produced across the face of the arch give the leading bed joint, and the point of junction of the respective arcs. The bed joints in each section are made to radiate from the centre from which that section is described.
The Horseshoe or Moorish Arch, Fig. i6, is generally associated with Saracenic or Arabic architecture ; elsewhere it is used as an ornamental rather than a constructional feature. Alternative treatments are shown, the principal characteristic being the earning of the curve around below the centre line, no other type of arch sharing this peculiarity.
The Stilted Arch. Fig. 12a, which springs, not from the impost where all other arches commence but at some distance above, was a constructional device in Early English architecture to bring the crowns of cross vaulting into line or level. Apart from this peculiarity, there is no distinctive feature from the ordinary arch, and "stilting" may be applied to arches of any contour.
The Basket-handle or Three-centred Arch. Fig. 13, is obtained by dividing the span into three equal parts and constructing an equilateral triangle upon the centre part, as shown. The three angles of the triangle contain the centres, and the sides produced across the face of the arch give the leading bed joint and junction of the curves.
The Ogee Arch. Fig. 14, is described in detail under Carpentry Arches.
1 he Sqliinch Arch. Fig. 15, is so named from its position, not its shape, which may vary with circumstances. Squinch is Old English, or Saxon, for corner, and in this connection means an arch turned across a corner. If is often used to support a diagonal wall beneath an octagonal spire, where the tower changes from square to octagonal.
The other sketches, Figs. 10, 11, 12, are comparative groupings of four chief types of arches: the " flat," the " segmental," the " round " and the " pointed."
Carpentry Arches, page 171.—The arched frames constructed by the carpenter, or, to be exact, the joiner, usually follow the contour of the openings provided by the
mason or bricklayer, consequently tlieir description or setting out, so far as the outlines are concerned, is similar to that described for stone arches. There are, however, differences in detail, and the necessity of dealing with these gives the opportunity of presenting alternative treatment of types that will be equally useful to the mason and the carpenter.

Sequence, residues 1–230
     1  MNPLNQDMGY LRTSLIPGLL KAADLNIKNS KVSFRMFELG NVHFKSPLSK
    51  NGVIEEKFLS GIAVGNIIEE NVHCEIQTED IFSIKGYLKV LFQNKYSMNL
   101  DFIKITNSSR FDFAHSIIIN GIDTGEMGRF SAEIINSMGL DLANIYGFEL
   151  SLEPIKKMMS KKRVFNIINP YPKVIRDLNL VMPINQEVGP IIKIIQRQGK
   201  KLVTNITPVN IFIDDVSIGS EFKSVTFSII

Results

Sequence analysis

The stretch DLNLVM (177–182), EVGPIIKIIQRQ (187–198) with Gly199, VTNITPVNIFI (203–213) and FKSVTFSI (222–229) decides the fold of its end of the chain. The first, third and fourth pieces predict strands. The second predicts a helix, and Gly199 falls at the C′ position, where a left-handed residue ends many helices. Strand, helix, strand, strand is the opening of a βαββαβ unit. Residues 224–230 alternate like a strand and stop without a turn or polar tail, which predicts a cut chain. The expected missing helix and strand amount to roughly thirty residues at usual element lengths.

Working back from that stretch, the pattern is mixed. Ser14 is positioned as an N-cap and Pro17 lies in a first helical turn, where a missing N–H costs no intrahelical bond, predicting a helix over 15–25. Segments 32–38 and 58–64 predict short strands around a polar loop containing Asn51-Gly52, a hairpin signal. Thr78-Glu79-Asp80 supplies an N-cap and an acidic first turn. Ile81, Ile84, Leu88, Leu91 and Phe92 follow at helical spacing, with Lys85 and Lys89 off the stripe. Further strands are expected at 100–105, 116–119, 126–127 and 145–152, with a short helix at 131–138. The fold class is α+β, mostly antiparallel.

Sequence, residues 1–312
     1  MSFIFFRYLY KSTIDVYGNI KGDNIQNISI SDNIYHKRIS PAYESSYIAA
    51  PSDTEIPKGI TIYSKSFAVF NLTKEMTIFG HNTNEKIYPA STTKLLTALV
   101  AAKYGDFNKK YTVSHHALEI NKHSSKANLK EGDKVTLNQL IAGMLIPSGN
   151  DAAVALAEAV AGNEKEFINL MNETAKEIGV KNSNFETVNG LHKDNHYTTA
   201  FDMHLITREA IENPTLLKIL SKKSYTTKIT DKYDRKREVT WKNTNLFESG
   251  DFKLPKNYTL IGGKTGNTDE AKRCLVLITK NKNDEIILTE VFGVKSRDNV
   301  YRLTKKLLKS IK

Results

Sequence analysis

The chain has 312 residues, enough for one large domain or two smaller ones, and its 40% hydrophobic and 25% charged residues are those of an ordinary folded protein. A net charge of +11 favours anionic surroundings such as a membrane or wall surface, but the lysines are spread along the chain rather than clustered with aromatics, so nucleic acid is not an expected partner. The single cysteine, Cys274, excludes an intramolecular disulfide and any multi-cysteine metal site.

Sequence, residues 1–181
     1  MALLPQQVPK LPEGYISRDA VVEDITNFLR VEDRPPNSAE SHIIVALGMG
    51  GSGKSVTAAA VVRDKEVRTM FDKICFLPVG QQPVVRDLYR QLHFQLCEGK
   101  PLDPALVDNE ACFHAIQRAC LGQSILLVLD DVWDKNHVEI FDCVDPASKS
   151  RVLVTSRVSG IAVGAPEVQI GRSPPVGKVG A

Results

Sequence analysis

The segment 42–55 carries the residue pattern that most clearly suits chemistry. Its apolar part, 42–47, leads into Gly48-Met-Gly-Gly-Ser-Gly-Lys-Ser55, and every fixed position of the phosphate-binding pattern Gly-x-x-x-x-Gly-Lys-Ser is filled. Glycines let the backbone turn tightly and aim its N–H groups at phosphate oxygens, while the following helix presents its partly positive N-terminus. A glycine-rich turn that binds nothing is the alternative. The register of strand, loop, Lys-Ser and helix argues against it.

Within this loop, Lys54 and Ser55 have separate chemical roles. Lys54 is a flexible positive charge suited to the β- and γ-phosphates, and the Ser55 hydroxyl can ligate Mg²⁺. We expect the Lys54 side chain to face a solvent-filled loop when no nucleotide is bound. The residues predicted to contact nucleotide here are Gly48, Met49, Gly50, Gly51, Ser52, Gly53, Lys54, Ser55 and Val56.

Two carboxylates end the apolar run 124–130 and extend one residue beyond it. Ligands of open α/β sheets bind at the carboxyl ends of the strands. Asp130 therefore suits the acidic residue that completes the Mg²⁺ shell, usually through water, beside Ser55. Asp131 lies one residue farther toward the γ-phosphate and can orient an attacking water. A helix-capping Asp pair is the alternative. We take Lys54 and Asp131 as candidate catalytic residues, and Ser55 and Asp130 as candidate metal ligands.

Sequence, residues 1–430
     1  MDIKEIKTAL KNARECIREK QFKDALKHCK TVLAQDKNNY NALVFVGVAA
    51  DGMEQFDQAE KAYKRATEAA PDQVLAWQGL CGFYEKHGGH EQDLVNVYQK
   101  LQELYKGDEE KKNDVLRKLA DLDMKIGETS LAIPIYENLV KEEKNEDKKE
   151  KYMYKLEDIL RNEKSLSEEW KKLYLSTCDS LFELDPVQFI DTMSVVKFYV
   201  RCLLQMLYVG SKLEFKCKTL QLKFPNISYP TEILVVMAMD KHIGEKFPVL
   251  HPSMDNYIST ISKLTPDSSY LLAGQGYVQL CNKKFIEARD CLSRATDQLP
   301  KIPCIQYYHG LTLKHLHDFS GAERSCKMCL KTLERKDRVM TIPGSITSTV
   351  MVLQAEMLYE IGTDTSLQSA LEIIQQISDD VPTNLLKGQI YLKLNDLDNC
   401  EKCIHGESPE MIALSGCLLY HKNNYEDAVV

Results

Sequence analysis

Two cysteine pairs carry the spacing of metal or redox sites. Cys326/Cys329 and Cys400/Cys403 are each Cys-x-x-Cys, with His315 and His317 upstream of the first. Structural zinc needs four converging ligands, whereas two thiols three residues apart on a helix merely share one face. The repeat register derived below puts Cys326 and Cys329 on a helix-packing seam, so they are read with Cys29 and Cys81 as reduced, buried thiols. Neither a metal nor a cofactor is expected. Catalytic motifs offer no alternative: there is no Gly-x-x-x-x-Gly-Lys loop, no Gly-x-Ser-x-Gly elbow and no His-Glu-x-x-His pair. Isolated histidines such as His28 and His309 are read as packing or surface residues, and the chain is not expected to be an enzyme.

The Equilateral Arched Frame, Fig. i, is described upon an equilateral triangle, the radius of the two arcs being equal to the span; the centres, therefore, lie in the springing line at a and b. The back of the. frame is described from the same centres. The haunch joints are usually placed about one-quarter the height of the arch above 1 he springing, and radiate from the centre of the curve—i.e. they are made normal to the direction of pressure.
The Lancet Fig. 2, is described by constructing two semicircles on the springing line extended, with a radius equal to half the span, the centres being at a and h. The extremities of these semicircles, points 1 and 2, provide the centres for striking the curves. The haunch joint is one-fourth the perpendicular height above the springing.
The Drop Arch, Fig. 3, is made in varying degrees of depression to suit the designer. The span and rise being given, construct a triangle upon the springing line with the required altitude. Bisect the inclined sides of the triangle and produce the bisectors to intersect the springing line in points 1 and 2. These are the required centres.
The Tudor Arch, Fig. 4, is constructed by dividing the span on the springing line into four equal parts, describing semicircles equal in radius to the half span, upon points t and 3 as centres ; these describe the haunch arcs. For the centres of the crown arcs, describe quadrants from a and h, intersecting the jambs in points 2 and 4, which are the required centres. To lind the joint line, join points 1-2 and produce.
Two other Four-centred Arches are shown in Fig. 5. On the right halt the span is divided into six equal parts,
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